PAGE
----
Tuesday, April 23, 2013

Lousy Sound -- Capacitors

I am an audiophile, but not an audiophool. I don't buy magic elixirs and oxygen-free copper, especially not in mains cords and speaker wire. The difference between capacitor sounds and amplifier sounds, tubes and transistors, digital vs. analog, have to have some basis in physics, and be demonstrable in a blind A/B comparison, or it doesn't exist. If a blind A/B difference can be detected, then we need a scientific hypothesis, and an explanation with reproducible results, or it's mere superstition.

There are some differences that are so gross, so obnoxious that you don't need a blind test to detect. We all know that. It sometimes happens when a component fails, and all of a sudden there's a hum that wasn't there before, or some kind of distortion that is just painfully obvious, and it goes away when you fix the problem.

Case in point: I have a pair of JBL 500 bookshelf speakers that I purchased for my office about 15 years ago. They're not what I would call hi-fi, but they are adequate for use with my computer sound system, playing the various bleeps and boops, and sometimes an AAC or MP3 here and there. They sounded OK for the past decade or so, but lately they have just started sounding obnoxious. I simply could not stand to listen to music through them. I would have to turn them off. "Obnoxious" was definitely the operative word here. And it wasn't just while I was thinking about it. Background music was distracting me from my other work. It wasn't subliminal.

I was able to rule out the source and most of the amplifier by switching to my AKG K-501 headphones. I still wondered if the amplifier was behaving badly, maybe oscillating, or under-biased with nasty crossover distortion (I usually listen at low volume). But no, the amplifier bench tested well within spec, and all the voltages and currents were normal. It was definitely the speakers -- or my hearing. But no, the headphones sounded OK. It was the speakers. But how? I've never experienced speakers going bad before.

I finally popped the back off the speakers, and at one glance, I had my suspicions. The crossover. It is the simplest kind of crossover that would possibly work, using the cheapest components possible: one (ferrite core) inductor and one (electrolytic) capacitor. The capacitors had gone bad in both channels. They were five microfarad bipolar electrolytics, and if their values changed, if they shorted in one direction, they could become quite non-linear. And of course, a change in value would make the crossover operate at the wrong frequency, and hence, change the frequency response and distortion characteristics of the speakers. I had to replace the caps.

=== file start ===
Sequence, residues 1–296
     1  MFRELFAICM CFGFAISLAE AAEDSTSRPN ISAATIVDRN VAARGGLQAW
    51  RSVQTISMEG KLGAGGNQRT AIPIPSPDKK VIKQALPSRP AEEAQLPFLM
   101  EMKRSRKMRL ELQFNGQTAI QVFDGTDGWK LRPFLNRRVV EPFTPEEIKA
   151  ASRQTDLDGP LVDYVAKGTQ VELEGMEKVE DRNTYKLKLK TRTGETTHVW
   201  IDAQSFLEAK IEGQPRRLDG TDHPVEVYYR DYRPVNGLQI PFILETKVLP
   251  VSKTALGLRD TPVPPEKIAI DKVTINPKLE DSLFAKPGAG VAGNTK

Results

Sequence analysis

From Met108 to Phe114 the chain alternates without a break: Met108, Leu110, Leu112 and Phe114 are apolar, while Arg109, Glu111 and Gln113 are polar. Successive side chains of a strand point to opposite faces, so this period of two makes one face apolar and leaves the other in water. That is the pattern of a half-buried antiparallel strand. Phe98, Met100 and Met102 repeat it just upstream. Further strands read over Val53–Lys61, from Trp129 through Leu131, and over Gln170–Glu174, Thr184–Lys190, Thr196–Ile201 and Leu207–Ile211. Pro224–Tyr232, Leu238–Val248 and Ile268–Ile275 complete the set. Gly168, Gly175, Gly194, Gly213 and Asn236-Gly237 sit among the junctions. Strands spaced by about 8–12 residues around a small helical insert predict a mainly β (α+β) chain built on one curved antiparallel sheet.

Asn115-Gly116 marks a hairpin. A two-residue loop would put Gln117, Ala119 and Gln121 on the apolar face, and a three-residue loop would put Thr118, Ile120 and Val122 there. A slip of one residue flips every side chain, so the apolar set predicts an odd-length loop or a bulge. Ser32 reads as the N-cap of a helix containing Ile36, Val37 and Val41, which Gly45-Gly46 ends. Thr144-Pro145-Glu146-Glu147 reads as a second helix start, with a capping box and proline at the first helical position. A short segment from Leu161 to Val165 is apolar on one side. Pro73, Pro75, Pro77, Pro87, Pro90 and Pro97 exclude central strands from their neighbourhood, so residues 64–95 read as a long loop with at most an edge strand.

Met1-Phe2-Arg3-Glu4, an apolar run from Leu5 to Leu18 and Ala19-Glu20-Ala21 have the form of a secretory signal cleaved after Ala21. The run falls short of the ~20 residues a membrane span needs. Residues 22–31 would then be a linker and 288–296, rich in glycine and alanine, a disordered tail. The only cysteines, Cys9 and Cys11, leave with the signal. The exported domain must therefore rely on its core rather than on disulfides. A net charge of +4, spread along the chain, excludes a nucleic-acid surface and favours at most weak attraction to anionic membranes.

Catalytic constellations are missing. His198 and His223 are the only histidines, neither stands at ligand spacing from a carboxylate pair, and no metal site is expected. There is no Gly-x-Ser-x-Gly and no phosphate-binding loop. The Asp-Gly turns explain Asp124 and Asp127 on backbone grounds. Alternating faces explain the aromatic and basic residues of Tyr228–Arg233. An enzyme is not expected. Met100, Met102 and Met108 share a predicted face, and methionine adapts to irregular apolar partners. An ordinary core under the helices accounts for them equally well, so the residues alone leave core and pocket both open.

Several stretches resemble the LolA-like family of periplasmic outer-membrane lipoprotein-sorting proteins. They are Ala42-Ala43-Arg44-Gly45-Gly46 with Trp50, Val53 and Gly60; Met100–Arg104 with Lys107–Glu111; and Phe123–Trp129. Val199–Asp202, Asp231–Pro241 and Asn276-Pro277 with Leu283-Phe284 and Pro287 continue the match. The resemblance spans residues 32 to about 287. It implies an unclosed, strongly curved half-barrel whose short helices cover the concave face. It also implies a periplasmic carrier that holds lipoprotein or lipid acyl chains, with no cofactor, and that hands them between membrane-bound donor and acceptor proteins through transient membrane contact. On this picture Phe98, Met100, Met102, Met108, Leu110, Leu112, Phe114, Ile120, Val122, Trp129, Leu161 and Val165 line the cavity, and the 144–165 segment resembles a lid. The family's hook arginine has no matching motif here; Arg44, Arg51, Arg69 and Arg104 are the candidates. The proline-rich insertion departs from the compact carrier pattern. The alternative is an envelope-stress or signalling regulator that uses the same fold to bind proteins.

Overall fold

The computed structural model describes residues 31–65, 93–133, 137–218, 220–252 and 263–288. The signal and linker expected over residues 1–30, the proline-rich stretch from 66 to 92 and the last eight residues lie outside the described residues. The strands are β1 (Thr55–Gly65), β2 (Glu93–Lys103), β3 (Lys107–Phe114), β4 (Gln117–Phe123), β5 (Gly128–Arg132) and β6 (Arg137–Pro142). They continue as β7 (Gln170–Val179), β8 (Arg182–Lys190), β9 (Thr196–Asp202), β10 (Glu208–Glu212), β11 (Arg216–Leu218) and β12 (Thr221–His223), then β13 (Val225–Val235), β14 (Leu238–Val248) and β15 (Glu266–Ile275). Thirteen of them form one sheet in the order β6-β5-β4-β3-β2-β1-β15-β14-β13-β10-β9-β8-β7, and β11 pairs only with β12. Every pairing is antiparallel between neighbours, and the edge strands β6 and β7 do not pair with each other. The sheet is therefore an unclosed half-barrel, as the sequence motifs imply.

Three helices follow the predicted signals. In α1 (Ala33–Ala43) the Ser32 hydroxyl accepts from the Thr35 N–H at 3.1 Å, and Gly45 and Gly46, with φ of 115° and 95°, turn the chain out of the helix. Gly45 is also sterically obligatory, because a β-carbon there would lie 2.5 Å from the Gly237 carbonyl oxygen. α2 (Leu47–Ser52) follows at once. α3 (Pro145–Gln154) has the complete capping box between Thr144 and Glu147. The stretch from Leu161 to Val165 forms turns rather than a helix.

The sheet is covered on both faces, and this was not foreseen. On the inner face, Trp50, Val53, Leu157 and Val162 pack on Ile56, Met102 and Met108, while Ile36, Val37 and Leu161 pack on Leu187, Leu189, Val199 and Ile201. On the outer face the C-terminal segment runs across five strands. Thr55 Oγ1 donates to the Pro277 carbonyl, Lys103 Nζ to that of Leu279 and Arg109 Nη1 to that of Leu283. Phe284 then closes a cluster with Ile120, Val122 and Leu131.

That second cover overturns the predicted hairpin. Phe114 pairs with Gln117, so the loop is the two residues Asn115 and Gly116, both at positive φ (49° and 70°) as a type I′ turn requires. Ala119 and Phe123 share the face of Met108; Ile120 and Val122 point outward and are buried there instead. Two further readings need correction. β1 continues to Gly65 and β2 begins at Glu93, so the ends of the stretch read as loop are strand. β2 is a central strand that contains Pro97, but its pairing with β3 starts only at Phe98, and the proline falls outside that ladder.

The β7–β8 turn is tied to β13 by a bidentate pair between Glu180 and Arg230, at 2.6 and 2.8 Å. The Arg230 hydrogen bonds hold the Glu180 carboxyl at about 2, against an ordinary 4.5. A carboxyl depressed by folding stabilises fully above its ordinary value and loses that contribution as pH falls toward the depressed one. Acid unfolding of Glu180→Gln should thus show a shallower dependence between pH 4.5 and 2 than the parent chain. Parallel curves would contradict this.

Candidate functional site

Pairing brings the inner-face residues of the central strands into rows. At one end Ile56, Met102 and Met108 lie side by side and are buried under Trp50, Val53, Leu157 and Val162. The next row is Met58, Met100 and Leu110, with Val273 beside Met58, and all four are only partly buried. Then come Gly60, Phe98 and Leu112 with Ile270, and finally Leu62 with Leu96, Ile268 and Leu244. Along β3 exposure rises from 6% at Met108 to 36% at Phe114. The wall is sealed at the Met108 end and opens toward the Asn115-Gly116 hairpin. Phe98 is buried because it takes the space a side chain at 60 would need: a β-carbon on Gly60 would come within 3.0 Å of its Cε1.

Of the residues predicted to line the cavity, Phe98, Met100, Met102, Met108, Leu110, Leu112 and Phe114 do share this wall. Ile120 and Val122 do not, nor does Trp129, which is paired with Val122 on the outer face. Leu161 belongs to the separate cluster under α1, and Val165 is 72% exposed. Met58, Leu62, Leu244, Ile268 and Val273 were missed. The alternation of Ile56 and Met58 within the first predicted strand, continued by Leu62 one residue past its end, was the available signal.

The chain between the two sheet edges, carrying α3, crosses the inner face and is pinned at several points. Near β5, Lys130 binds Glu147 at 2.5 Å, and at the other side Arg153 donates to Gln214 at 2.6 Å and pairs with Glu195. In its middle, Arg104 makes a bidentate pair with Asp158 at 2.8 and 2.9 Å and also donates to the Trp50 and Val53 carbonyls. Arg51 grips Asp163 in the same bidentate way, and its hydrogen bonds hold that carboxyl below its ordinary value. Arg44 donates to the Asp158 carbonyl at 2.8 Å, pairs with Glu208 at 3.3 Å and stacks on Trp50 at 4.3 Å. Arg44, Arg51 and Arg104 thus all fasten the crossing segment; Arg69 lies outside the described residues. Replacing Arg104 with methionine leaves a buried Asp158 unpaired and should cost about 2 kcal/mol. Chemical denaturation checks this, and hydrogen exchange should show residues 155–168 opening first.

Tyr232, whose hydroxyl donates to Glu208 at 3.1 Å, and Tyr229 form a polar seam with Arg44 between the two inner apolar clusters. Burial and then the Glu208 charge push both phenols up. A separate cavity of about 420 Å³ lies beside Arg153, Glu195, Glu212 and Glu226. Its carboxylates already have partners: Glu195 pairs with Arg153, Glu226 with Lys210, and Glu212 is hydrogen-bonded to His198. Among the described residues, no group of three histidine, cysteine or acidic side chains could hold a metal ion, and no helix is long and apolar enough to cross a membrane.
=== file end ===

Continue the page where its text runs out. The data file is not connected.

So, what to replace them with? Electrolytics? Well no, but not with audiophool caps either. Electrolytics can deteriorate over time. Film caps generally do not. Five microfarad film caps are available for building crossovers. They're more expensive, and they're physically larger than electrolytics, which is why JBL didn't use them on entry-level bookshelf speakers, which outlived their warranty by some 14 years anyway.

So I paid my three dollars each, and put them in. The main problem was, they wouldn't fit on the crossover circuit board. I had to wire them on, and then use hot glue to secure them in place so they wouldn't vibrate and rattle around. But I got them installed.

The speakers sound much better now, thank you very much. Not obnoxious. I can work once again, undistracted, with music playing in the background. There is definitely a difference when a component is malfunctioning or operating out of spec. Capacitors can have a "sound", especially when they're used as a frequency-discriminating element in a filter, such as a speaker crossover, where voltages are gyrating all over the place. Bypass and coupling capacitors most likely do not have a "sound", unless they're inadequately specified, or if they're malfunctioning.